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3 Social Media Mistakes that Make You Look Like a Rookie

Social media is easy to pick up.

But tough to master.

There's a lot of nuance that separates the professionals from the newbies.

Here are 3 big social media mistakes that make you look like a rookie.


Common social media mistakes

Image courtesy of birgerking 


1. Not Having a Clear Goal

The single biggest mistake most rookies make is not knowing what their social media goals are.

Why are you blogging? What are you doing on Twitter?

How are these activities going to support your professional goals?

Don't worry about the ROI... you just need to define what success will look like.

Even most companies can't answer this question.

When you boil everything down, there are only three acceptable answers:

  1. Increase brand awareness by growing your reach
  2. Build customer loyalty by engaging more and providing support
  3. Increase sales by getting more people to purchase, more frequently

Now... how are your daily activities supporting these goals?

Don't waste your time and money if you can't answer this question to begin with.


2. Working From the Bottom Up, Not Top Down

Most people start using social media by tweeting to an empty room, rewriting popular news stories, and spending hours in Twitter chats.

Because everyday you read the same bad, generic advice like, "join the conversation" and "engage people".

That sounds great in theory... when you already have a huge base of people to interact with.

But when you're unknown and trying to build your social media presence, you don't have time to start at the bottom.

So forget about community management.

If you want to grow a huge audience, then focus on business development.

Because this is the new definition of social media.

You need to start reaching out to larger sites, partnering with other brands, and trying to interview important people.

Find other people with strong, existing communities and try to partner with them. Create a relationship over a few weeks, and then reach out to help them in some way.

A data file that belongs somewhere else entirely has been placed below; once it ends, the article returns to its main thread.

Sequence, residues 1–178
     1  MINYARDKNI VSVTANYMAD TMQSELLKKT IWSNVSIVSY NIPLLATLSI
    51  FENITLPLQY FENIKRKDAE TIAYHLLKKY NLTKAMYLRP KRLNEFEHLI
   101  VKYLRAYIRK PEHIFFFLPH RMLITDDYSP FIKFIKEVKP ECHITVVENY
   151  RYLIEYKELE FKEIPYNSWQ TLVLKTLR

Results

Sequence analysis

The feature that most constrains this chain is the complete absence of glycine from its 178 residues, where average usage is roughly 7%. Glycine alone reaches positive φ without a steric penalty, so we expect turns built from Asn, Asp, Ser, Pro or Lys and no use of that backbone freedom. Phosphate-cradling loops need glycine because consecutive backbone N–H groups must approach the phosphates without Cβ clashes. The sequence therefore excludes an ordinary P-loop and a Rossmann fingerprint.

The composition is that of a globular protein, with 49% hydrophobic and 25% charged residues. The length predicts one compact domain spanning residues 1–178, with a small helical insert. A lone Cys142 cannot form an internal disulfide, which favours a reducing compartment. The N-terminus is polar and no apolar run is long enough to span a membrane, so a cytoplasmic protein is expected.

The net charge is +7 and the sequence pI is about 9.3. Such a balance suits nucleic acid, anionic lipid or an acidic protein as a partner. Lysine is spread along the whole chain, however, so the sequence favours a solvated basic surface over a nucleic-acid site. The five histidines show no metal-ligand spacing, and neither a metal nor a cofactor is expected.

See if you can land a guest post on other large sites in your industry.

Besides fans and followers, you'll start to get real traffic and build your brand.

It's far more effective in the long run to build your brand (and traffic) first, and the social media fans will follow.


3. Copying Your Competition

Most people keep a close eye on their competition.

What tactics are they using, how many Twitter followers do they have, and what's their Klout score?

None of these things matter.

In fact, you'd be better off ignoring your competition completely.


Because trying to benchmark other people's Fans and Followers is a fools game.

So don't bother watching them, because you'll just get caught in a social media arms race.

You'll start making bad decisions because you're trying to "keep up". And when you make bad short-term choices, your long-term success will suffer.

But that's not all.

When more people are using the same tactics, they lose more and more value. So copying your competition's latest great idea will never work as well for you.

The best results come from new tactics.

So the best tactical ideas and campaigns haven't happened in your industry yet.

You should use arbitrage marketing to figure out what new, untapped opportunities you can seize and gain an early lead. Look at what people are doing in other industries and see what works well for them.

For example, you know that Google+ is going to impact your SEO traffic. So when you're trying to decide how to use Google+ for your business, then look at what people in other industries are doing instead.

If you're going to the effort of building a successful social media presence, then make sure you prioritize the right things.

Because when you make one of these big mistakes, you're throwing away your time and money.

And most importantly, your success will be hindered.

Join The Conversation

  • FixCourse's picture
    Mar 21 Posted 5 years ago FixCourse

    Thank you!

  • FixCourse's picture
    Mar 21 Posted 5 years ago FixCourse

    Thank you Lauren! Couldn't agree more...  I would suggest looking at what people/companies in other industries are doing and having success with. Try testing and experimenting, then quit if it's not working or double down if it is.

  • FixCourse's picture
    Mar 21 Posted 5 years ago FixCourse

    Thanks Jen!

  • Mar 21 Posted 5 years ago 44marroquin

    I love your insight to what matters, the real important matrics we should be looking at, good for you for posting what everyone should be saying out loud. 

  • Mar 20 Posted 5 years ago Lauren Gold

    Great advice thanks. The only problem is thinking of things that other people haven't thought of yet...

  • JenLovisa's picture
    Mar 16 Posted 5 years ago JenLovisa

    Great posty Brad!

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